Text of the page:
General Practice 2022

Hemolítica anemia: what é, main symptoms and treatment

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Hemolítica anemia: what é, main symptoms and treatment
Hemolítica anemia: what é, main symptoms and treatment

Autoimmune hemolytic anemia, also known by the acronym AHAI, is a disease characterized by the production of antibodies that react against red blood cells, destroying them and producing anemia, with symptoms such as tiredness, paleness, dizziness, skin and yellow eyes and malaise

This type of anemia can affect anyone, but it is more common in young adults. Although its cause is not always clear, it can arise from dysregulation of the immune system after an infection, the presence of another autoimmune disease, the use of certain drugs or even cancer.

Autoimmune hemolytic anemia is not always curable, however, it is treated mainly with the use of medications to regulate the immune system, such as corticosteroids and immunosuppressants.In some cases, removal of the spleen, called splenectomy, may be indicated, as this is where part of the red blood cells are destroyed.

Main symptoms

Symptoms of autoimmune hemolytic anemia include:

  • Weakness;
  • Feeling faint;
  • Pale;
  • Lack of appetite;
  • Dizziness;
  • Tiredness;
  • Sleep;
  • Indisposition;
  • Headache;
  • Weak nails;
  • Dry skin;
  • Hair loss;
  • Shortness of breath;
  • Pale in the mucous membranes of the eyes and mouth;
  • Jaundice.

These symptoms are very similar to those caused by other types of anemia, so it is necessary for the doctor to request tests that can help to identify the exact cause, such as a low dose of red blood cells, a high count of reticulocytes, which are immature red blood cells, in addition to immunological tests.

Check out how to differentiate between causes of anemia.

What are the causes

The cause of autoimmune hemolytic anemia is not always identified, however, in many cases it can be secondary to the presence of other autoimmune diseases, such as lupus and rheumatoid arthritis, cancer, such as lymphomas or leukemias, or due to a reaction to medications such as Levodopa, Methyldopa, anti-inflammatories and certain antibiotics.

It can also arise after infections, such as those caused by viruses such as Epstein-Barr or Parvovirus B19, or by bacteria such as Mycobacterium pneumoniae or Treponema pallidum when it causes tertiary syphilis, for example.

In about 20% of cases, autoimmune hemolytic anemia is worsened by cold, as in these cases the antibodies are activated by low temperatures, being called AHAI by cold antibodies. The other cases are called AHAI by hot antibodies, and they are the majority.

How to confirm the diagnosis

For the diagnosis of autoimmune hemolytic anemia, the tests that the doctor will order include:

  • Hemogram, to identify anemia and observe its severity;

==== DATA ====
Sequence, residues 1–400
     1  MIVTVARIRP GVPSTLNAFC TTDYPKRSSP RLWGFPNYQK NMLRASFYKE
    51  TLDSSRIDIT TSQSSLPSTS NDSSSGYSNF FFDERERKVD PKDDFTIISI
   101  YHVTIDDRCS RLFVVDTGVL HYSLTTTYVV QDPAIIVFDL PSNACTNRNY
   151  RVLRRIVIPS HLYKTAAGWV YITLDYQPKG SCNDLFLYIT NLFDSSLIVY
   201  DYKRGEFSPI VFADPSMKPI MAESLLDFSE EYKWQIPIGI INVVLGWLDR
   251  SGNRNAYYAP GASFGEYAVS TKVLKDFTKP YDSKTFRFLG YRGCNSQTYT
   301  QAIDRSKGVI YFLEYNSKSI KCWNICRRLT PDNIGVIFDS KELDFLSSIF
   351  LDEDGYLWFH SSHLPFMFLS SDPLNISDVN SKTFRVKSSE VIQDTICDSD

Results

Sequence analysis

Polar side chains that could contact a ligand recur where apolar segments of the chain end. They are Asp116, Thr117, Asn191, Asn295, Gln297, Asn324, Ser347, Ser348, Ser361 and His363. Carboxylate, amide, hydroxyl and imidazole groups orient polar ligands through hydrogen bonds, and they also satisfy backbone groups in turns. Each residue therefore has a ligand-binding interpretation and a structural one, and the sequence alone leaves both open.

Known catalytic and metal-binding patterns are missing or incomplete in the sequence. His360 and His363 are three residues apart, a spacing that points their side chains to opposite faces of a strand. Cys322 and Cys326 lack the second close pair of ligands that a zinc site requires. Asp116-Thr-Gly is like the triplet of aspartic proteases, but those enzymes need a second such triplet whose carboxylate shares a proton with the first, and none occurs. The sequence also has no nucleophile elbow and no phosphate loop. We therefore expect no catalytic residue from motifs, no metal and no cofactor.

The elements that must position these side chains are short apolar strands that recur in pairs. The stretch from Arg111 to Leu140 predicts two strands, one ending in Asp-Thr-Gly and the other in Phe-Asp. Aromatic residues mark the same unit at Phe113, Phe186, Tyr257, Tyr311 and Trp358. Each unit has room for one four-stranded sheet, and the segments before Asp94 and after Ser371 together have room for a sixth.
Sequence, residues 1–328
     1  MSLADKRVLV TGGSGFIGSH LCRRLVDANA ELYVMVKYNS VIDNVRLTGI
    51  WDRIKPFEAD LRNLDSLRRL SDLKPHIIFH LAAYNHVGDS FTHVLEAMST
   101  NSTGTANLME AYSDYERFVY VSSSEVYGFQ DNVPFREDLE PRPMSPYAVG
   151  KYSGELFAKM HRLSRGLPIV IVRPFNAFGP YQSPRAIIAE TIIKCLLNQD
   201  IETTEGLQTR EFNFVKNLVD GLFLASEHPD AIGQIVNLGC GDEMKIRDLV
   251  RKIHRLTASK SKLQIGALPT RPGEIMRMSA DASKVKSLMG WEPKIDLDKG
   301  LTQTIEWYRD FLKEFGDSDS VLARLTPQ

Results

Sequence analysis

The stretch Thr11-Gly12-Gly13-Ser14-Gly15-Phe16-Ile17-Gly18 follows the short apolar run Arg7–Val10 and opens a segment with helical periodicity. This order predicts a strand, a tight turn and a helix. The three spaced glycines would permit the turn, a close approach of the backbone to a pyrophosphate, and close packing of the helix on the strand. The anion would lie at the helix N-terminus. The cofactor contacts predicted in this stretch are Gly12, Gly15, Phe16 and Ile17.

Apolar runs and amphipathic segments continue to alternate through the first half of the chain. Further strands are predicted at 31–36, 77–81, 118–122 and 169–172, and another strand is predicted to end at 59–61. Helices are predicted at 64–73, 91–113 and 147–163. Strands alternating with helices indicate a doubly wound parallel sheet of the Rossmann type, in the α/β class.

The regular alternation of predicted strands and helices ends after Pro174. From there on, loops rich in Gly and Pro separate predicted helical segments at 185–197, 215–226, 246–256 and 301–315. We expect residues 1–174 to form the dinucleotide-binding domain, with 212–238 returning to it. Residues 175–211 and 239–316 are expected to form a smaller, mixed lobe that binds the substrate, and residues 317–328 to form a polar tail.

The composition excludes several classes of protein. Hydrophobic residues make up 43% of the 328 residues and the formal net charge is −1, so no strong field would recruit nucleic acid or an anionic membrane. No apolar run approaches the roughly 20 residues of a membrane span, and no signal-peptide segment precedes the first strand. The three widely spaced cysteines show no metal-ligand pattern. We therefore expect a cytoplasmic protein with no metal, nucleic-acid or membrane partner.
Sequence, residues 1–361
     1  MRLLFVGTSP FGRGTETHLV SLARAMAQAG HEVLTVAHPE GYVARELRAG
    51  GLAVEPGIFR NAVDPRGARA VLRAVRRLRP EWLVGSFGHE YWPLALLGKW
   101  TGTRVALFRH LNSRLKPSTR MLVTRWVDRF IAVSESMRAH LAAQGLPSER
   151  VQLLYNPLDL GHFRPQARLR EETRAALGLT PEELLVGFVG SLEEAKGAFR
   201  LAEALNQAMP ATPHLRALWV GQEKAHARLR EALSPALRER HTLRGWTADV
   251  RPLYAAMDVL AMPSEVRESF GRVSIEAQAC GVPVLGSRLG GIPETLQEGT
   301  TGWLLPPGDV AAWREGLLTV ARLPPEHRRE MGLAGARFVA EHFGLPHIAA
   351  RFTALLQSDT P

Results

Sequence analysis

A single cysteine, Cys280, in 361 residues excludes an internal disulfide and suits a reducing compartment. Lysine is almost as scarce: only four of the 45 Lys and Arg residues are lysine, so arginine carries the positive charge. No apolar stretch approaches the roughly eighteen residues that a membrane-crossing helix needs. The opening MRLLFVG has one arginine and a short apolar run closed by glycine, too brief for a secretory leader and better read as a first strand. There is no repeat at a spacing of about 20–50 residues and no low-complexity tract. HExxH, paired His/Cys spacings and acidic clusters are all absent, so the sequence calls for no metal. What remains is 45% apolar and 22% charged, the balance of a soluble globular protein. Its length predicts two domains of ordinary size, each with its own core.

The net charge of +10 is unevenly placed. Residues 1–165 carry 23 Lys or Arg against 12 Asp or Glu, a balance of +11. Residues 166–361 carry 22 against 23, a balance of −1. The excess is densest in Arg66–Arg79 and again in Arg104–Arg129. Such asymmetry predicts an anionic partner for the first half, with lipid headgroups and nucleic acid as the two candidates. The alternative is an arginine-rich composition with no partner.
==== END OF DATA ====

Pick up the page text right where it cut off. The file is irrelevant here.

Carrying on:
• Immune tests, such as the direct Coombs test, which shows the presence of antibodies bound to the surface of red blood cells. Understand what the Coombs test means;
  • Tests that prove hemolysis, such as an increase in reticulocytes in the blood, which are immature red blood cells that appear in the bloodstream in excess in case of hemolysis;
  • Indirect bilirubin measurement, which increases in cases of severe hemolysis. Find out what it is for and when the bilirubin test is indicated.

As several anemias can have similar symptoms and tests, it is very important that the doctor is able to differentiate between the different causes of anemia. Learn more about the tests at: Tests that confirm anemia.

How the treatment is done

It cannot be said that there is a cure for autoimmune hemolytic anemia, as it is common for patients with this disease to experience periods of outbreaks and improvement.

To live as long as possible in a period of remission, it is necessary to carry out the treatment that is indicated by the hematologist, made with medicines that regularize the immune system, which include corticosteroids, such as Prednisone, immunosuppressants, such as Cyclophosphamide or Cyclosporine, immunomodulators, such as human immunoglobulin or plasmapheresis, which helps to remove excess antibodies from the bloodstream, in severe cases.

Surgical removal of the spleen, called splenectomy, is an option in some cases, especially for patients who do not respond well to treatment. As the risk of infection can increase in people who have this organ removed, vaccines such as antipneumococcal and antimeningococcal are recommended.Read more about care and recovery after spleen removal.

Furthermore, the choice of treatment depends on the type of autoimmune hemolytic anemia, the symptoms presented and the severity of the disease in each person. The treatment time is variable, and in some cases it is possible to try to start withdrawing the drugs after about 6 months to evaluate the response, depending on the hematologist's guidance.

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